10-02-2011, 10:14 AM
The Left: A Century of Fostering Racial Tension
I made this point in a different thread ;
| The Left: A Century of Fostering Racial Tension |
Last century's leftist politicos left behind copious evidence of race-card playing.
As the black middle class grew after World War II, radicals had to resort to increasingly absurd claims to make the charge that things were getting worse. Ignoring the statistical evidence, they scoured the ghettoes and trotted out the criminal and down-and-out black as representative of black America. The influential white writer Norman Mailer valorized the black criminal in his 1957 pamphlet “The White Negro.”
The prisoners and “disadvantaged” are still used as illustrations of the evils of our capitalistic system by those like Bill Ayers and Bernardine Dohrn. And to criticize profiteering black spokesmen, like Al Sharpton, is to invite charges of racism. It is to the benefit of the left’s political cause that the “disadvantaged” remain disadvantaged in perpetuity.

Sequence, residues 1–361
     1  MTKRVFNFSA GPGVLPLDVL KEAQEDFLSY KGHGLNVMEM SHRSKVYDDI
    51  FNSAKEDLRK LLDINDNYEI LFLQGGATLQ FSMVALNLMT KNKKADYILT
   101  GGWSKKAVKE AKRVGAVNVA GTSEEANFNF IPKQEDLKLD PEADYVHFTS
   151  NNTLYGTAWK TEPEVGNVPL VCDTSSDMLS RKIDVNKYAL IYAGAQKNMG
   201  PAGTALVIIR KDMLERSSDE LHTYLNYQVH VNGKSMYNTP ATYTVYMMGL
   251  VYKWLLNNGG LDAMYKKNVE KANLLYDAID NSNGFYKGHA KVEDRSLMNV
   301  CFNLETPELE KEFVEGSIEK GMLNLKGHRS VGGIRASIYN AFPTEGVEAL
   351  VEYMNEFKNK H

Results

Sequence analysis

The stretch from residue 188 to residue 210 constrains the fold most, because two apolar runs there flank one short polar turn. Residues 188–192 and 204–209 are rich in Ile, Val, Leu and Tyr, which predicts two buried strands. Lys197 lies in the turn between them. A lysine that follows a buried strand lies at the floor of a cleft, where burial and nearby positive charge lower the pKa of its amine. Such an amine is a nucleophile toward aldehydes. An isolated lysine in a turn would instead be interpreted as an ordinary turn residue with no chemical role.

Those who are not “disadvantaged,” who do not need their “help,” are vilified. Self-made men, the “bourgeoisie” like Herman Cain, are dismissed with charges of “racial self-hate” or as pawns of the white, ruling capitalists. While Cain might identify with the Tea Party — indeed he shouts it from the rooftops — the Tea Party will be called “racist,” “reactionary,” and “fascist.”
For evidence of historical use of the racism charge by the left, consider the 1953 pamphlet by Hugh Bradley: “Next Steps in the Struggle for Negro Freedom: Report Delivered at the National Conference of the Communist Party.” Bradley criticize the National Association for the Advancement of Colored People, claiming that President Walter White’s address: |
… emphasized the major weaknesses and most negative features of the 44th Annual Convention of the NAACP — the capitulation by the top leadership to the Eisenhower Administration and an orgy of Red-baiting which reached a level never before equaled in any Negro gathering. … [The explanation] is to be found in the composition of the Convention and its leadership, made up as it was of the Negro middle class and petty-bourgeoisie. … The Negro workers in the main were absent; progressives and Communists, in the main, were absent … the only spokesmen claiming to speak for labor at the Convention were primarily a handful of Trotskyites and Social-Democrats.Nearly sixty years later, we have a similar base of support for Barack Obama: an elite class of progressives who claim to speak on behalf of the (largely minority) underclass, and “labor.”
Last edited by EmptyTimCup; 10-02-2011 at 11:41 AM.
[ Reply w/Quote ]